A.Vogel Talks about the causes of scabies

What factors can contribute to an outbreak of scabies?


Felicity Mann
Skin Health Advisor
@AVogelUK
Ask Felicity

An introduction to the causes of scabies

There are a variety of persisting rumours about the causes of scabies, ranging from blaming your hygiene to accusing your pets when in reality both factors have very little bearing on your susceptibility to the parasite.

The scabies mite are not weakened by a good scrub of soap, although in poor, overcrowded living conditions it might be easy to perceive how this misconception could arise.

Your pets are unlikely to be the culprits either, although they can carry a different strain of mites that generally prefer animal hosts over humans, making any reactions to the parasites mild and short-term. 

Instead you should be looking at several other causes for the spread of the parasite which can help you to understand how to avoid the pathogen in the future and whether or not you may be inherently vulnerable to the condition.

Weak immune system

If your immune system is weakened then it can increase the survival rate of your unwanted guests, which is why the condition is so commonplace in children and the elderly. Scabies are clever in that they have the capacity to confuse your immune system’s response, affecting the production of cytokine, a protein that can bond with other anti-bodies that are released to kill the parasites.1

They can also secrete a chemical which slows down inflammatory responses from the immune system, which is why it can take a while for symptoms to appear during your first outburst of the parasite.  If your immune system is already fragile, then scabies have an added advantage during this process, and your body will struggle to fight back against the pathogen or assist you in developing immunity to the mites.

In a study conducted by Department of Biological Sciences, at Wright State University, Ohio, it was uncovered that your immune system can become more resistant to the mites,  which is why symptoms appear quicker in secondary contractions of the infection than the first.2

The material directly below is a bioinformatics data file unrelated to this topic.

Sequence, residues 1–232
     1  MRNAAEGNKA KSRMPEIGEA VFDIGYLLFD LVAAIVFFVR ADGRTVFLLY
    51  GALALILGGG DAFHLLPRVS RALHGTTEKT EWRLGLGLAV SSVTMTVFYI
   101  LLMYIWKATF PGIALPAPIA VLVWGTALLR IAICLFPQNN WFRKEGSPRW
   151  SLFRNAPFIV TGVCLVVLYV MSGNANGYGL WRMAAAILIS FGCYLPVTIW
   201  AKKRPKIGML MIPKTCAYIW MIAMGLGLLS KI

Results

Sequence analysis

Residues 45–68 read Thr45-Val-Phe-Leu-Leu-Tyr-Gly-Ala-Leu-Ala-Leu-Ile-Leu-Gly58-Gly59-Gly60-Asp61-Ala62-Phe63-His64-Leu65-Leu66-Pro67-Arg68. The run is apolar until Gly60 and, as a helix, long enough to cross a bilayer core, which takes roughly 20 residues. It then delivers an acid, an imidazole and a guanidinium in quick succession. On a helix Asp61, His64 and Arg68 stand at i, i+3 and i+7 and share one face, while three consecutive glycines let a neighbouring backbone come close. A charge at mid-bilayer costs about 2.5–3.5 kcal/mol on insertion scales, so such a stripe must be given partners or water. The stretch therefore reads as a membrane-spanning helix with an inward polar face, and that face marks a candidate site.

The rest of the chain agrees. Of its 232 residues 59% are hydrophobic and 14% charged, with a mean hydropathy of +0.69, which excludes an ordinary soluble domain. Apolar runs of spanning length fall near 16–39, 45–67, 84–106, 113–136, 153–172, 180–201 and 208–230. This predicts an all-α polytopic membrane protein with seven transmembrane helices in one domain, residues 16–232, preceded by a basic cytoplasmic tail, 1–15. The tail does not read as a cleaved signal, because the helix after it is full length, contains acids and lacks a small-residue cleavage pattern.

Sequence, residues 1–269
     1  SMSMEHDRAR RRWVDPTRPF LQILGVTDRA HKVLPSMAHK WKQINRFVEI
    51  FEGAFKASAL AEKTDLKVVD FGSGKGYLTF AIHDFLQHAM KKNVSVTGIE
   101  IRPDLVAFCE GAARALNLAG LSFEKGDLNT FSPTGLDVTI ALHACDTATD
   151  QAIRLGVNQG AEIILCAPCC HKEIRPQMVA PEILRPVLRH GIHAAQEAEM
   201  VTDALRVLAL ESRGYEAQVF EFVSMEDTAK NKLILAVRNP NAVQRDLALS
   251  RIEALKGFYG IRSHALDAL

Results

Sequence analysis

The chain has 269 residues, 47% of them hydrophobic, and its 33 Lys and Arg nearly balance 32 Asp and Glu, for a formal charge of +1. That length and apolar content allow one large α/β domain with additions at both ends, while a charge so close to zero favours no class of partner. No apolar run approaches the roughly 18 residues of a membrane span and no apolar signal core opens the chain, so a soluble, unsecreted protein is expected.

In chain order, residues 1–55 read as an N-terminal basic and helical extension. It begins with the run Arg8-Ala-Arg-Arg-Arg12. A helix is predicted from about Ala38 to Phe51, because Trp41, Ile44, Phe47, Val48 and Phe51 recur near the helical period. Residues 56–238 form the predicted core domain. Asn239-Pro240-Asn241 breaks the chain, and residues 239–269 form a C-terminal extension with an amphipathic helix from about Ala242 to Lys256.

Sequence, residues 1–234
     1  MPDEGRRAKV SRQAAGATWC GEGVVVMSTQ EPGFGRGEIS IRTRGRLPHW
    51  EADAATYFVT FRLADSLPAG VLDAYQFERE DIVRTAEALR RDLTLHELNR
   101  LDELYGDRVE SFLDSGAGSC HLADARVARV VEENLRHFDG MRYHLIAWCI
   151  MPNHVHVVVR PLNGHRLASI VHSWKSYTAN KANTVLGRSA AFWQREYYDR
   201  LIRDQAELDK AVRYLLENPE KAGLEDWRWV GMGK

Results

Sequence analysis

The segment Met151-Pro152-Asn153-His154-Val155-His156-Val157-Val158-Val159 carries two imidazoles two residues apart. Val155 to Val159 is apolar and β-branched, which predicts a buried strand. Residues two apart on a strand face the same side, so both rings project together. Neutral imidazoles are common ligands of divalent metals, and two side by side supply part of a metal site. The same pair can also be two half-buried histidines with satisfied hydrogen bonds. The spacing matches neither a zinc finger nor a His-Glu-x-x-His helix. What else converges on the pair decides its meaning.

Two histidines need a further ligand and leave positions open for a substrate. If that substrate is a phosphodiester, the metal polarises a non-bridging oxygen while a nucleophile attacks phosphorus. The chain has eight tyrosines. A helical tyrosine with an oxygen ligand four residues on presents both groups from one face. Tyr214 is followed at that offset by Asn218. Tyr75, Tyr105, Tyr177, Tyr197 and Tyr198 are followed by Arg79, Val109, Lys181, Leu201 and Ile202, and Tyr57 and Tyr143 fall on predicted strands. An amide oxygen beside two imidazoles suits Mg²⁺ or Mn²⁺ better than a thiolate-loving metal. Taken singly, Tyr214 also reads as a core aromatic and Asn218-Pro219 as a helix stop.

1https://sites.google.com/site/scabiesparasite/host-defence/host-defence---immune-system-specific-to-scabies

2http://www.ncbi.nlm.nih.gov/pubmed/8299759

Poor nutrition

Your diet in and of itself will not make you more susceptible to scabies, but it can influence the strength of your immune system.

If you are following a diet that lacks the essential nutrients that you need or consume a lot of refined sugars, processed fats and caffeine, then your immune system is ultimately going to pay the price.

The unhealthy foods that you love, such as coffee, alcohol, chocolate, crisps etc., all contain inflammatory chemicals, which can trigger the formation of histamine and adrenalin. If your immune system is constantly being forced to produce these chemicals, it will eventually become fatigue and sluggish.

The scabies mite will then be able to overwhelm your immune system and your body will struggle to build up a resistance, with recurring episodes becoming more and more frequent. If you suffer from a poor diet, it can also affect the health of your skin, as key nutrients, like vitamin C, are imperative when it comes to strengthening and supporting your epidermis.

Stress

Stress, like diet, is not a direct cause of scabies, but it can play a role in weakening your immune system.

When you experience stress, it can stimulate your sympathetic nervous system. Once this happens, your body believes that you are in a potentially life-threatening situation and starts to trigger your ‘fight or flight’ reflexes.

Your immune system will be forced to release a wave of inflammatory chemicals, in order to dilate your blood levels, raise your pulse and prepare your body for a physical fight. Now imagine that this process is repeated again, and again, every time you feel panicky or anxious – no wonder your immune system quickly becomes exhausted!

Once stress has lowered your immune function, the scabies mites can find it easier to breed uninhibited, prolonging your outbreak and making your symptoms more persistent.

Direct contact

Scabies are highly contagious but to contract the parasite from an infected party must involve a degree of physical contact that goes beyond the usual quick hug or cursory handshake.

Skin on skin interaction must be persistent and prolonged which is why the disease is usually spread by children to their parents or fellow playmates, and also by engaging in sexual intercourse with a contaminated individual.

If you suspect that your child might have scabies, it could be worthwhile keeping them at home until their symptoms have been treated, and likewise avoid sexual contact with an infected person.

Indirect contact

Scabies can survive and live outside the human body, but only for a limited amount of time, which is why indirect contact is not considered to be a common means of contraction.

However, if you are sharing clothing, bedding or towels with an infected party then you are still at risk and should make sure to take precautions again catching the parasites, by limiting your contact with these possible contagions and cleaning your bed linen regularly, at a high temperature.

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